Information on statistics is available at www.euroheat.org/Statistics
District Heating and Cooling Explained:
District Heating and Cooling plays a significant role in the supply of low-carbon heating and cooling in Europe. While having an average market share of 10 percent in Europe, it is particularly widespread in North, Central and Eastern Europe, where market shares often reach 50 percent and more. On average, over 80 per cent of heat supplied by district heating originates from renewable energy sources or heat recovery (i.e. from electricity production or industrial processes).
An international study co-financed by the European Commission confirms the possibility of saving an extra 400 million tons of CO2 yearly (corresponding to 9.3% CO2 reduction – thus more than the whole Kyoto target!) with more District Heating and Cooling across 32 European countries. Creating conditions for the expansion of District Heating and Cooling schemes will thus secure a more sustainable energy system and a brighter energy future.
Frequently Asked Questions
(in pdf format)
Documentary Film on District Energy:
Here you will find the answers to the 10 most frequently asked questions about District Heating and Cooling.
- What is district heating?
- How does district heating heat my house and my tap water?
- Why should the European Union care about a local business like district heating?
- How can we compare district heating with other heating options?
- How much does it cost?
- Can Customers efficiently control the indoor temperature of their home?
- If district heating is so smart, why isn't it more widespread?
- What is district cooling?
- How can district cooling contribute to a sustainable energy future?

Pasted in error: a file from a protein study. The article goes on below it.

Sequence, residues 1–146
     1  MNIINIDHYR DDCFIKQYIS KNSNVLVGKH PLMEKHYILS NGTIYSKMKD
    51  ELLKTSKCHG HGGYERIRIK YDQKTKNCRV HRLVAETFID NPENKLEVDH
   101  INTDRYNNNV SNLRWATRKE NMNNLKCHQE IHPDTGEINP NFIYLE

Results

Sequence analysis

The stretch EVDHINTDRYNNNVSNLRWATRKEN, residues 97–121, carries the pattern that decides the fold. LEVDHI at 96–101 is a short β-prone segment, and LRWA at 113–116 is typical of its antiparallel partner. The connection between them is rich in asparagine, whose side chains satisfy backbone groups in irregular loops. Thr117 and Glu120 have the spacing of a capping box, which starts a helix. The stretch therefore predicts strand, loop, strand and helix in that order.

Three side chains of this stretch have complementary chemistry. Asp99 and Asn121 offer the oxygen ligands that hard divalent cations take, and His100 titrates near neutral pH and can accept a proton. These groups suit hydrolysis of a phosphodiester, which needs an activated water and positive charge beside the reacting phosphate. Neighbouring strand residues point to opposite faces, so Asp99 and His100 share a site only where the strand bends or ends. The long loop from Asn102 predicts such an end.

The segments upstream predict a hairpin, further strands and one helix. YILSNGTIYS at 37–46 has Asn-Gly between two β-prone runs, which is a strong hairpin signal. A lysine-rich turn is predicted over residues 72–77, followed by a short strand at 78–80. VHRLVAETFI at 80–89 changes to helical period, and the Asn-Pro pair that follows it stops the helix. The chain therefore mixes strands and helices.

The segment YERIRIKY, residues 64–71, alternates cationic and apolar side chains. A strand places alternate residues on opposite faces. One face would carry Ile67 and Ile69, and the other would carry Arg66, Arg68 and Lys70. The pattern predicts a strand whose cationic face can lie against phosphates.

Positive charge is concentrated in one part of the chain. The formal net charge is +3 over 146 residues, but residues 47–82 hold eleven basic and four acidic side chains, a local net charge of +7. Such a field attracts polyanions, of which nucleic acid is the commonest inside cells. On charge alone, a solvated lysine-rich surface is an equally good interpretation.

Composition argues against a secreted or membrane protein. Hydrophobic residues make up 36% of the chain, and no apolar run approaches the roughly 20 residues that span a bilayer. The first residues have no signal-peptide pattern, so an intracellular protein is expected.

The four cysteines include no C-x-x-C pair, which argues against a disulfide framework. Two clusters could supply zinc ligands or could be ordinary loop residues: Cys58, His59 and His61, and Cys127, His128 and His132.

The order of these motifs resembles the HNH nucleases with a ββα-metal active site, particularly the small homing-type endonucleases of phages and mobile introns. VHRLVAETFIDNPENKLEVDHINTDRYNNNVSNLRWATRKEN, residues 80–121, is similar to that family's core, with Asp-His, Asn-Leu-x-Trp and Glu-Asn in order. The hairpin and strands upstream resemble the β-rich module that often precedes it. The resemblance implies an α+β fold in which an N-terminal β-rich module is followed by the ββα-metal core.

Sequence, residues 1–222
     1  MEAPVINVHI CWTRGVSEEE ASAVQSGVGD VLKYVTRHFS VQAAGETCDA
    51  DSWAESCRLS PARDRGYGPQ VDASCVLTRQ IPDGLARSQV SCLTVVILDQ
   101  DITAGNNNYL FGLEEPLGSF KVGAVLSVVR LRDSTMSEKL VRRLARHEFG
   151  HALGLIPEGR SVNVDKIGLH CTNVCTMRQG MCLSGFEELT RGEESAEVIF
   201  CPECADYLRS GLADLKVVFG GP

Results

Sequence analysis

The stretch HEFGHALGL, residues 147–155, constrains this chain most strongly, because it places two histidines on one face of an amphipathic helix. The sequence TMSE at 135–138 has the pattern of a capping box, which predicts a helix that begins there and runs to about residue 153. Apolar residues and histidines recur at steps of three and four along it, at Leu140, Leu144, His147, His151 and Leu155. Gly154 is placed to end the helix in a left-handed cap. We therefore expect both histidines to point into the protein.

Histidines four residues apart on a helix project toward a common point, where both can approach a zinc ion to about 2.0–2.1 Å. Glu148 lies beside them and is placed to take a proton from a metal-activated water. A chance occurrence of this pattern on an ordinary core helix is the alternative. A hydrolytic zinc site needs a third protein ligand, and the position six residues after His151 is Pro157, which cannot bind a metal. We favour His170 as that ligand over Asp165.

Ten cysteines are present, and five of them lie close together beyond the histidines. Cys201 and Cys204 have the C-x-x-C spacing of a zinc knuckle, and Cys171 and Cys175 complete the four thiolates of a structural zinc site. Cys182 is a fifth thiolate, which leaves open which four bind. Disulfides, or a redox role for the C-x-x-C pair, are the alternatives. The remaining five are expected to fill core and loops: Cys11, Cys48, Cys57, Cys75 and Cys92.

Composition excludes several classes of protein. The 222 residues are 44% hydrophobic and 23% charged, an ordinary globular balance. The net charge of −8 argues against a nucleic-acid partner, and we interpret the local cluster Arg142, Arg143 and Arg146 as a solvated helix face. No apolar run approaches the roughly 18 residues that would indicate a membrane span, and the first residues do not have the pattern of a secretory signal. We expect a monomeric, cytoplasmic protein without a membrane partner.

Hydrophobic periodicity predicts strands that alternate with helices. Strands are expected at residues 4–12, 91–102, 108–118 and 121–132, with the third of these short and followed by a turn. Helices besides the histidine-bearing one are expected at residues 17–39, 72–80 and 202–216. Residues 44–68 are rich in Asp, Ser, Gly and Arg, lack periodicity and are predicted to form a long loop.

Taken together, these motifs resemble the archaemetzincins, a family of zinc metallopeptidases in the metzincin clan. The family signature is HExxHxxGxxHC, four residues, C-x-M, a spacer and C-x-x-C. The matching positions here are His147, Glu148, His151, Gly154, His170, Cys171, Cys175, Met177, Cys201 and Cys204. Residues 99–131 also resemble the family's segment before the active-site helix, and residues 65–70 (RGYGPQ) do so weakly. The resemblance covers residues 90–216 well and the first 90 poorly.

- Where do we go next?
What is district heating?
District heating is a convenient way to heating space and tap water.
In many processes, for example when electricity is generated or waste is burned, large parts of the energy are set free in the form of surplus heat.
The fundamental idea behind modern district heating is to recycle this surplus heat which otherwise would be wasted- from electricity production, from fuel and biofuel-refining, and from different industrial processes. Furthermore, district heating can make use of the many kinds of renewables (biomass, geothermal, solar thermal).
How does district heating heat my house and my tap water?
The recycled heat is used to heat water which is transported to the customer via a well-insulated network of pipes. District heating can serve residential. public and commercial buildings as well as meeting industrial demands for low-temperature heat.
A heat exchanger serves as an interface between the district heating network and the building's own radiator and hot water system. There's no boiler, no burning flame needed in the house and maintenance is taken care of by professionals.
Why should the European Union care about a local business like district heating?
The EU has set targets to reduce energy consumption by 20% and to reduce CO2 emissions by at least 20% (possibly 30%) by 2020.
Though a local business, district heating can greatly contribute to achieving global policy objectives. Doubling sales of district heating by 2020 will reduce Europe's:
- Primary energy supply by 2.6% or 50.7 Mtoe/year
- Import dependency by 105.4 Mtoe/year
- Carbon dioxide emissions by 9.3% or 404 Mtoe/year
How can we compare district heating with other heating options?